AgI-5) leaving only a faint trace of cubic in the powder
pattern.
The yellow Agi, when added to the hot NH4 0H
solution, turned white indicating the formation of silver
iodide hemiamine, Agi-iNH 3 .
Concentrations of I to 3N NH4 0H
did not convert cubt-to-h+exagonal and possibly explains why
Majumdar and Roy (1959)
obtained a sphalerite-lookIng
diffractometer pattern of a sample "treated with
concentrated NH4 0H and evaporated to dryness at 110 0 C."
It
is proposed that the solid-solid conversion of cubic to
hexagonal takes place through the hemlamine as an intermediate; however, the structure of the hemiamine has not
been reported.
Effects of Heating
-
Samples of cubic and hexagonal silver
iodide were sealed in dry flasks, and heated for 24 to 115
hours on a steam bath.
Powder patterns of the heated
samples were compared with unheated samples of the same
preparations and no differences were observed in the line
intensities.
It appears that heating at 100 0 C. effects no
change in the structure of either cubic or hexagonal silver
iodide.
Preliminary x-ray data of samples heated in the 1250 to
135 0 C. range used by Bloch and Moller (1931) did indicate a
-30-
partial conversion from the initial structure.
Three
diffractometer specimens mounted on glass slides (Ag-17,
Agi-2ISG, and AgI-21) were examined in the regions 21-290
and 38-480 2e and then placed in an oven set at 1261 20 C.
for 70 hours.
After heating, the samples were again
examined with the diffractometer and the results are shown
in Figure 2.
Two cubic preparations, one prepared from Hgi 2
and the other by grinding, have partially converted to
hexagonal; and a hexagonal sample has apparently converted
to the same mixture.
All three samples show the same
relative line intensities, the difference in peak heights
between samples being accounted for by the number of
crystallites contributing to the diffraction lines.
The
lines of the low-temperature cubic form prepared by grinding
(Ag-21SG)
4.
have decreased in width.
Summary and Di
ussion of Results
The hexagonal and low-temperature cubic forms of silver
iodide have been prepared and their structures identified by
x-ray powder diffraction methods.
The cubic form was
prepared by H20 dilution of a concentrated AgI-AgNO 3 aqueous
solution, and by digesting Hg1 2 in a dilute aqueous AgNO 3
solution.
The hexagonal form was prepared by H20 dilution
of a concentrated aqueous Agi-KI solution, by digesting
metallic silver in an aqueous tri iodide solution, and by
digesting solid Agi in hot concentrated NH4 0H.
X-ray diffraction patterns verify the previously
-31-
-
i
T
I
I
I
I
I
I
I
I
I
I
I
(e)
.- 1- -1-
8
3E
Dearees 20 (Cu K.)
8
21
29
t
i
90
i
.
0
3(
Degrees 269 (Cu K.)
.
.
.
u 49 Degrees 29 (CuK.)
I
.
.
.
I
i
80
i
I
li"
70
60
- - - -_- - _ -
50-
-
I-
40
'L
30-
"
S20
V
.--
*10
I
FIGURE 2.-
X-ray diffractometer patterns showing effects of heating silver iodide powder specimens at 126*C for 70 hours.
a) Agl-17 cubic, unground.
c) Agl-2ISG, hexagonal ground in dry agate mortar.
e) Agl-21G, hexagonal ground under amyl acetate.
b) Agl-17H, heated.
d) Agl-2ISGH, heated.
f) Agl-21GH, heated.
reported wurtzite and sphalerite structures.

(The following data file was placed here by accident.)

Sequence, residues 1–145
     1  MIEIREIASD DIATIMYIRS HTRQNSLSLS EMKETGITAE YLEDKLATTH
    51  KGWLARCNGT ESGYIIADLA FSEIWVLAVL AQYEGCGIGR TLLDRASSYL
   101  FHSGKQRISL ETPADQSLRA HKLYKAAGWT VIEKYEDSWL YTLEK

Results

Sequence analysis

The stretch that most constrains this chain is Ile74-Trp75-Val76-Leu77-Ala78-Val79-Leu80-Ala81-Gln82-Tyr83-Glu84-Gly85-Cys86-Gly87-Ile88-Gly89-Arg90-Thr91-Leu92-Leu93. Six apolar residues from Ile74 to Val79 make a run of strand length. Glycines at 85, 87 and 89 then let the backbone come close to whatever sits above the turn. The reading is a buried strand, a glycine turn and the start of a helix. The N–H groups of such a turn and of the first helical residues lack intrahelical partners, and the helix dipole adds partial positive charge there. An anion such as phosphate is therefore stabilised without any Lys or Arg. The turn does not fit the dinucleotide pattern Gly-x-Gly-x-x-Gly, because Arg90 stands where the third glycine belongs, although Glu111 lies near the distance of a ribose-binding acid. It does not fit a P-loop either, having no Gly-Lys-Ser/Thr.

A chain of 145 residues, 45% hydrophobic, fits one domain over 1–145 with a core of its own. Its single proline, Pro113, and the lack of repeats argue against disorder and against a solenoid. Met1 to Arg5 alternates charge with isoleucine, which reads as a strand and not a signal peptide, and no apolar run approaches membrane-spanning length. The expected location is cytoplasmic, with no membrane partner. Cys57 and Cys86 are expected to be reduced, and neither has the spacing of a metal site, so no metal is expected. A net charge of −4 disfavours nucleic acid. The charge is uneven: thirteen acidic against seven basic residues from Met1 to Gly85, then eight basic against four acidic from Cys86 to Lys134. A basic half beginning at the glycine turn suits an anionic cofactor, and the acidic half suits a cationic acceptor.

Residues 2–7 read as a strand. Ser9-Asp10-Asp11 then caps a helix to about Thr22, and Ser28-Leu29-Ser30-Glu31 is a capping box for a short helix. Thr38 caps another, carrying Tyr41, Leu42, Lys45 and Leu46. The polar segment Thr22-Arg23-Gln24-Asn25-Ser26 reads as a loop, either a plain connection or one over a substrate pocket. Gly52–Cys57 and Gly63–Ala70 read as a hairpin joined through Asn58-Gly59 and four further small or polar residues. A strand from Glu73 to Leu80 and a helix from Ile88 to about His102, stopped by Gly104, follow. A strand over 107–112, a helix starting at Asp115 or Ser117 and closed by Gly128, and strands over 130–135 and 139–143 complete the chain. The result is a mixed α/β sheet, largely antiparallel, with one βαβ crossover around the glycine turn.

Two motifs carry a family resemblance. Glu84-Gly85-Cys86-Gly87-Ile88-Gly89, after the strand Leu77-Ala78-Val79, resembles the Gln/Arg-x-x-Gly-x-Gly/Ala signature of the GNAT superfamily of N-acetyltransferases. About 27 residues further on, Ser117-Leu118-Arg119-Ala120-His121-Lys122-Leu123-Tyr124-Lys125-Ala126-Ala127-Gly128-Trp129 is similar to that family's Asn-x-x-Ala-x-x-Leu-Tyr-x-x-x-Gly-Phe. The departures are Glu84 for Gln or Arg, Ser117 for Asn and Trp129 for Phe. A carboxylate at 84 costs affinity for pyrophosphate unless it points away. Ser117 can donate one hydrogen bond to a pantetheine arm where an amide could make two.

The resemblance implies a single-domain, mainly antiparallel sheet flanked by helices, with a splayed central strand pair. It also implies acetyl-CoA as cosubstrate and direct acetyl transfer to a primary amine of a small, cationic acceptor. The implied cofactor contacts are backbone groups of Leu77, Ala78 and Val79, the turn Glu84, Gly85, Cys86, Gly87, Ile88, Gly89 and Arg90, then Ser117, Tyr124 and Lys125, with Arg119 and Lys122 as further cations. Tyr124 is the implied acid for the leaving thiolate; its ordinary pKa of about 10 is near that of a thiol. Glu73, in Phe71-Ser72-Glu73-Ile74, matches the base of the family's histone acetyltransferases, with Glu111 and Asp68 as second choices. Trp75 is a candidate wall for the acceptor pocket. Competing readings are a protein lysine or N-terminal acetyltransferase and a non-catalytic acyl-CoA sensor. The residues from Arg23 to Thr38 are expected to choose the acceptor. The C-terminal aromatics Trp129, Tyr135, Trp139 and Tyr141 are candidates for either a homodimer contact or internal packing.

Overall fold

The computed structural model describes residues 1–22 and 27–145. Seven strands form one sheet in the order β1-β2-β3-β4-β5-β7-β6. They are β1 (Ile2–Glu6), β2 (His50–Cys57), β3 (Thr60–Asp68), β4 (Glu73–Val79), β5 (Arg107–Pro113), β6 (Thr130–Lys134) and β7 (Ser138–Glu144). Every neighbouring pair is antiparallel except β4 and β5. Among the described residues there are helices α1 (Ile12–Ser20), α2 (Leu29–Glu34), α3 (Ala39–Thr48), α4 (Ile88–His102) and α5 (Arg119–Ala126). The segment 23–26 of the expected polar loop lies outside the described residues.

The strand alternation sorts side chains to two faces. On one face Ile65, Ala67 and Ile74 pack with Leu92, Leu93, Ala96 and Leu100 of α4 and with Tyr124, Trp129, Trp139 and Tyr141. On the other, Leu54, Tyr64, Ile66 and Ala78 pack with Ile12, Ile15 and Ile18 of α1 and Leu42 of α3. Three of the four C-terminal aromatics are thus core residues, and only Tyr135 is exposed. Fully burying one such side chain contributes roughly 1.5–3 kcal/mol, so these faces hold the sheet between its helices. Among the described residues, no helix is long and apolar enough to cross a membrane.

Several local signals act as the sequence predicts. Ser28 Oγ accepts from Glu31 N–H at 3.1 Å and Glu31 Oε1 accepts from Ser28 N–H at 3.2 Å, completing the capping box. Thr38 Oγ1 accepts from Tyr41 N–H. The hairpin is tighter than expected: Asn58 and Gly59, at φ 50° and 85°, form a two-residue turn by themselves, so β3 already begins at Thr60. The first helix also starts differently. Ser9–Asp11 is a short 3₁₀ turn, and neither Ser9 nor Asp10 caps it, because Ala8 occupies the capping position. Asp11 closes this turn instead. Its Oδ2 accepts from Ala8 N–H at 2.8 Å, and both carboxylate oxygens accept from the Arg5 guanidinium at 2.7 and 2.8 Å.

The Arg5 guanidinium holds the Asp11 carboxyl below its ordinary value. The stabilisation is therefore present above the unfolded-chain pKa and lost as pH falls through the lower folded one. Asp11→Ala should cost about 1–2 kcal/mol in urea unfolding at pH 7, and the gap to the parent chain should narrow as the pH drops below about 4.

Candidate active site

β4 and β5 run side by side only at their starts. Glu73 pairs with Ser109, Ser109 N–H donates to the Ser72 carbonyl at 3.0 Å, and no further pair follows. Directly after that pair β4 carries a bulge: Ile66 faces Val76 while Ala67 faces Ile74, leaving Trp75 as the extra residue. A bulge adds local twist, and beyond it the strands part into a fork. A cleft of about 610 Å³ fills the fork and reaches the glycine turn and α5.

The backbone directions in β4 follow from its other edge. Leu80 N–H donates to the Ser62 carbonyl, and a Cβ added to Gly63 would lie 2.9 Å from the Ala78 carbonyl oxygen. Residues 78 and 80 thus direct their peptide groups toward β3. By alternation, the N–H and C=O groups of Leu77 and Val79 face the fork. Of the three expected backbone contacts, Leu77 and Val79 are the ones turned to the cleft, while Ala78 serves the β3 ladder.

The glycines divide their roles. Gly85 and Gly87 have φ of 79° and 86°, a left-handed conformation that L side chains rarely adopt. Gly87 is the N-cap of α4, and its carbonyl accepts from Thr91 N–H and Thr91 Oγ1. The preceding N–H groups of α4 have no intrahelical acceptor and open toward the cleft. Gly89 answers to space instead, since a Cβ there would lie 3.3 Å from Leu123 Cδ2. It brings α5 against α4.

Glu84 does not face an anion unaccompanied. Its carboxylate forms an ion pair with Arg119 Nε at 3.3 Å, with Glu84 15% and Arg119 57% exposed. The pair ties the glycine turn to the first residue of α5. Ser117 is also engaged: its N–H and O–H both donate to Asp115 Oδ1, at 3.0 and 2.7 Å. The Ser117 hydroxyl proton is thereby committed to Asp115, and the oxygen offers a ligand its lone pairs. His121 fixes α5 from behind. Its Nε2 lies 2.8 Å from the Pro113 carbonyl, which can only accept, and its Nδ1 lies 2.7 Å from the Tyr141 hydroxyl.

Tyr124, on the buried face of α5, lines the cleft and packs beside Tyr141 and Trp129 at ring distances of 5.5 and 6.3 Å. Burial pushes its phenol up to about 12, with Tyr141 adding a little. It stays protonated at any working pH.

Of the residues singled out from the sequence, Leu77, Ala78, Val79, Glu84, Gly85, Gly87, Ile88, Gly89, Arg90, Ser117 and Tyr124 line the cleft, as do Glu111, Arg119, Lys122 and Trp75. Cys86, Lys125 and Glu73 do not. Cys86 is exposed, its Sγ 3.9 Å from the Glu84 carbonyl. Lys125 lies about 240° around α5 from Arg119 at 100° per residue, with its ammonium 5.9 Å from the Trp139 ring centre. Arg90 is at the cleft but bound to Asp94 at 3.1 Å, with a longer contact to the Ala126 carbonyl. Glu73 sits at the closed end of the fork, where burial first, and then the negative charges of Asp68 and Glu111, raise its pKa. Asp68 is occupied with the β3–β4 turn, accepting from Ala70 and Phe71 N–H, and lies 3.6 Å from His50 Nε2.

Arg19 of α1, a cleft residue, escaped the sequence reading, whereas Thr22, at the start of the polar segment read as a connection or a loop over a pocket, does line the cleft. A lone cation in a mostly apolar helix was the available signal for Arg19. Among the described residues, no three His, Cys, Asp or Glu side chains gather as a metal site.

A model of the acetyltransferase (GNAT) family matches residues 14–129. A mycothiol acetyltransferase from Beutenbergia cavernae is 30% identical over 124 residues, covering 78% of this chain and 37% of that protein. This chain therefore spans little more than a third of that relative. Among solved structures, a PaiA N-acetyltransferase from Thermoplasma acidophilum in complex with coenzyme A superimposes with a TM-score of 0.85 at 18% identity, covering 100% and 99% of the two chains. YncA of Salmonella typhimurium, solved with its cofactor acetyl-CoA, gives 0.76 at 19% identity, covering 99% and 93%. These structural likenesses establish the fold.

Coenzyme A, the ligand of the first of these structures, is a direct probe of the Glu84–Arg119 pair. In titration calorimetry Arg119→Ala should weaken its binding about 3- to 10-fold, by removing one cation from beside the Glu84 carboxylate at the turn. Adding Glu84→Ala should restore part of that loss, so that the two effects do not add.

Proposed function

The inter-
planar spacings and relative intensities agree with Bloch
and Moller's (1930) data for both cubic and hexagonal and
with the U. S. National Bureau of Standards' (1959) data for
hexagonal.
The faint (200), (222), (420), (600), and (622)
lines have not been previously reported for the cubic form.
The lattice constant ao(Itc) has been averaged for ten back
reflection lines as 6.495 A. and is in reasonable agreement
with Wilman's (1940) determination of 6.489+ 0.005 A.
obtained by electron diffraction.
Polytypes of the wurtzite and sphalerite structures of
synthetic and naturally occurring ZnS and synthetic SiC have
been well documented (Ramsdell, 1947; Fronde] and Palache,
1950; Smith, 1955; Strock and Brophy, 1955; Evans and
McKnight, 1959) but there is no clear evidence for wurtzitesphalerite polytype structures In silver iodide.
However,
the interplanar spacings for the predicted 4H, 6H, 15R, and
21R simpler polytypes have been calculated and are tabulated
in Appendix 2; the calculated 2H (wurtzite) and 3C (sphalerite)
d values are in agreement with the values obtained for
Agl-5 and AgI-17 in Tables I and 2.
Hexagonal silver iodide is converted to the cubic form
by grinding in a dry agate mortar.
Smith and Hill (1956)
have reported similar inversion effects of hexagonal ZnS to
cubic ZnS by impact grinding.
A sample of 100% hexagonal
ZnS (wurtzite) was converted to 61% cubic and a sample 93%
cubic ZnS (sphalerite) was converted to 76% cubic.
-33-
They
randomized by deformation faulting during grinding and that
much of the broadening is due to particle size effect.
Agi is ground,
When
significant line broadening is observed only
in the case of the hexagonal samples (Figure 1); the cubic
patterns appear unchanged except in the region 22-240 29
where slight broadening is observed.
Burns and Bredig
(1956) converted calcite, which is stable at normal temperature and pressure, to metastable aragonite by grinding the
crystals in a mechanical mortar for intervals up to 38
hours.
The minimum pressure required at room temperature to
effect this conversion was calculated to be between 3920 and
4600 kg./cm.2
The fact that the opposite transition does
not occur when the hydrostatic pressure is released
suggested that shearing stress and deformation faulting may
be involved.
it is interesting to note that grinding PbO,